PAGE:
Uber is giving Cincinnati a glimpse at the data so many cities covet
When it comes to ride-hailing, data is a sought-after resource for local transit agencies that want to know how Uber and Lyft’s explosive growth is affecting travel patterns, where and whether the companies are scooping up riders, and how they can benefit from first- and last-mile trips that connect users to their buses and streetcar or rail networks.
So far — aside from some mandatory data dumps and limited peeks at ride-hailing travel times through the Web platform Uber Movement — the company has closely guarded its data. That will soon change for one fast-growing Midwestern region.
On Tuesday, Uber announced the Cincinnati Mobility Lab, a three-year partnership with Cincinnati that includes expanded driver resources, a curbside traffic study, access to its data-sharing website and several other initiatives aimed at improving the commuting experience throughout the city. The deal includes a first-of-its kind analysis for local transit agencies in Cincinnati and adjacent Northern Kentucky to draw on Uber data — probably including hot spots, response times, costs of service and trends — for planning. It’s a jump start on data that so many other cities covet.
Continue reading the original article shared on the Washington Post...
What if you could design and test complex products and processes before investing in them? ”Digital twins” are already offering companies in a range of sectors—including aerospace, retail, health care and smart cities—a virtual look at how real-world things work.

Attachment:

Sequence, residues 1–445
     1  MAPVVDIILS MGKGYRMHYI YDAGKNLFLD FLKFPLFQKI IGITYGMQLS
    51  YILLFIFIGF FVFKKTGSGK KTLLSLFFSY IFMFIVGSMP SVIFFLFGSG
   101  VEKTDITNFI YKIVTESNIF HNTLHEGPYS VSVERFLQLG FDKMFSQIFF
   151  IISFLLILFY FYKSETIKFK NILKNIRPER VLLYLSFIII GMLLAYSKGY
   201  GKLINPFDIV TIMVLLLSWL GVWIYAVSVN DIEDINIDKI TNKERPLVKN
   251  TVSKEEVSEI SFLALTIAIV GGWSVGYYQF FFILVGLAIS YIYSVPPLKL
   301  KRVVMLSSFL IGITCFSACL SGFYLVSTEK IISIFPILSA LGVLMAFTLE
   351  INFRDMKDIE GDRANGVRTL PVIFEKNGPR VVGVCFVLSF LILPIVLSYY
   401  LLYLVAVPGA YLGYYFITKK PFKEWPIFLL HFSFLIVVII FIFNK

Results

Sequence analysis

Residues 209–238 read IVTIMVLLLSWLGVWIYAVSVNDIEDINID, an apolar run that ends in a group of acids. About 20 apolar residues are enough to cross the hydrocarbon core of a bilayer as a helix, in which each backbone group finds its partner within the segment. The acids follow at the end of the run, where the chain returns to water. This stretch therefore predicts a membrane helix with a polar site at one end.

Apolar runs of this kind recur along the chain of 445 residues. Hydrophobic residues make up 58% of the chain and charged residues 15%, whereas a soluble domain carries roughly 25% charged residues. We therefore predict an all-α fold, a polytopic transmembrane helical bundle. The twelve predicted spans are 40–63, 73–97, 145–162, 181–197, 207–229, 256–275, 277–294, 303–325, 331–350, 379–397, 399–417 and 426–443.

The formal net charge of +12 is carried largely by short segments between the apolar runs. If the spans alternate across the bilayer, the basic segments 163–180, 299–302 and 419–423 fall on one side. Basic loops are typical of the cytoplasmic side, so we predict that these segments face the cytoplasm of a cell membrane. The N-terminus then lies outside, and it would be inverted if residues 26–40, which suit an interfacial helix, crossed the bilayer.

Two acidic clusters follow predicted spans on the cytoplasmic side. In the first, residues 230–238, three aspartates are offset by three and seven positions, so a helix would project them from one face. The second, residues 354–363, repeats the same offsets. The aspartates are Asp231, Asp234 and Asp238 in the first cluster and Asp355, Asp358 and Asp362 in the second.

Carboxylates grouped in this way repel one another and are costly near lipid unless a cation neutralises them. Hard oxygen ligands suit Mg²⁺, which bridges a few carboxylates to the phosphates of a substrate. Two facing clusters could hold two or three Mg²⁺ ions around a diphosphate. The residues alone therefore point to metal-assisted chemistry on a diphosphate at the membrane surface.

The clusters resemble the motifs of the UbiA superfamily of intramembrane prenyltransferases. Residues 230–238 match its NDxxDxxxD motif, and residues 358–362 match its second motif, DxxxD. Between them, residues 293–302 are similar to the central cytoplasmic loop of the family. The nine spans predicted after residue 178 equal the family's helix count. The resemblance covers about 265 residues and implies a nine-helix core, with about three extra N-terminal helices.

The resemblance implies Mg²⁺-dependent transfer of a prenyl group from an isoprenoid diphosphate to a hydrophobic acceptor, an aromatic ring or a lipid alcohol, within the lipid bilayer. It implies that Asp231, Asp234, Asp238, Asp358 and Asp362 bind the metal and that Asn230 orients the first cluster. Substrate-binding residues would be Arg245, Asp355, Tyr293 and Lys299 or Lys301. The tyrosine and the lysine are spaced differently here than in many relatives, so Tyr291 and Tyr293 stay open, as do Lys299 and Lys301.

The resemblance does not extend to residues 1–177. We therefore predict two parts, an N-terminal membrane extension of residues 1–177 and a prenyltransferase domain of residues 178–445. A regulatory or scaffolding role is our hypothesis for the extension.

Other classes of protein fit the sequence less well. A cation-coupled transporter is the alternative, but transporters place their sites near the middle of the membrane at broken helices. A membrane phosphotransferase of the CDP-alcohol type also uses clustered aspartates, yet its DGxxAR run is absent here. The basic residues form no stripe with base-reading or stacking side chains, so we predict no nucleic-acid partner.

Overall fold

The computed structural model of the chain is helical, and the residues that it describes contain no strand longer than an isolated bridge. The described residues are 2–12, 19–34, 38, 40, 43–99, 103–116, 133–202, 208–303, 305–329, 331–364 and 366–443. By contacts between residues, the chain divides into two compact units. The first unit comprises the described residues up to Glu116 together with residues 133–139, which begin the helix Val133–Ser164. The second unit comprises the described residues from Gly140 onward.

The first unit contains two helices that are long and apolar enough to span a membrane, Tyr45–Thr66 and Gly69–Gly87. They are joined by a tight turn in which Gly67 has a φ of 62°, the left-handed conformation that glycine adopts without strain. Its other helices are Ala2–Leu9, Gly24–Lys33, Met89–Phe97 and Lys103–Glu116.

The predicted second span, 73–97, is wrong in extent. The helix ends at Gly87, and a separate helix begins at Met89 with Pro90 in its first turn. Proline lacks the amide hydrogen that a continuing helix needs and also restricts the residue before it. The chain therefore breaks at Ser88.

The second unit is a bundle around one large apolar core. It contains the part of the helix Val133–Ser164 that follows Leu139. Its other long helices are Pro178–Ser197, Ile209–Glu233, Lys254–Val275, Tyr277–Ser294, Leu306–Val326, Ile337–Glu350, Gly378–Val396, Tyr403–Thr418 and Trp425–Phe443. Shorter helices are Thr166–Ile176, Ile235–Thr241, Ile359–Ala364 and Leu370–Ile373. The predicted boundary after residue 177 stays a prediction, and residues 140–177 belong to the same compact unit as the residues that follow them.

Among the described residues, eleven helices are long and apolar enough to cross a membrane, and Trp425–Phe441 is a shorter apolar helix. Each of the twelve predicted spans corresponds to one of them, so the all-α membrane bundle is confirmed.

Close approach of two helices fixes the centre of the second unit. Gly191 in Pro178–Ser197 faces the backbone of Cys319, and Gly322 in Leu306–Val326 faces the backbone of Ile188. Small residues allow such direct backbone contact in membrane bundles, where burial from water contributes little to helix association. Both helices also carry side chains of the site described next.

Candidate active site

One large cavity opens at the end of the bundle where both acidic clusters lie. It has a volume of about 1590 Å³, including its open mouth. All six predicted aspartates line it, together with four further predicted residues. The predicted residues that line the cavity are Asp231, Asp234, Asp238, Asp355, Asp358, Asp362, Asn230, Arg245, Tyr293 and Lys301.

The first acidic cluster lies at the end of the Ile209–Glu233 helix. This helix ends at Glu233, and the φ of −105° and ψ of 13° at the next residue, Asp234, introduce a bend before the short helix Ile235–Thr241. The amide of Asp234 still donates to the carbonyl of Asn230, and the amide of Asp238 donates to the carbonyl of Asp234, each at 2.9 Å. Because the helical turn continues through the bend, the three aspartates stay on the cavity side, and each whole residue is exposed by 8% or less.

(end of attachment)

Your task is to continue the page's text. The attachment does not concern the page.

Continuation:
Acting as a virtual replica of the physical environment, a digital twin can be used in advanced ways to truly automate, optimize and connect systems — not to mention empower people — in the built environment.
StateScoop — Four development teams have taken home top prizes in a competition for advanced infrastructure proposals, each securing up to $10 million in investment capital.
The Safer and Smarter Arizona Roadways Initiative aims to foster safer roadway navigation and interaction by supporting intelligent decision making using data derived from an infrastructure-to-vehicle (I2V) communication platform.
The National League of Cities (NLC) and Results for America (RFA) will partner on a workshop series to help local governments more effectively use data.
Data Driven Detroit is excited to announce a partnership with Microsoft, The Skillman Foundation, and Grow Detroit’s Young Talent (GDYT) to test out a new approach to measure “Opportunity Youth” (OY).
The interdependence of urban growth, technology, infrastructure and capital requirement enhance the threat- presenting a unique set challenges to the implementation of smart cities- data security in smart cities.
The National Park Service wants to use the data coming from mobile devices on federal lands to help improve its long-range transportation and visitor experience plans.
Utilizing demand aggregation, this project seeks to transform an underserved communities’ traditional unimodal bus stop into a multimodal ‘Mobility Hub’ and further serve as a template for smart, efficient regional deployment.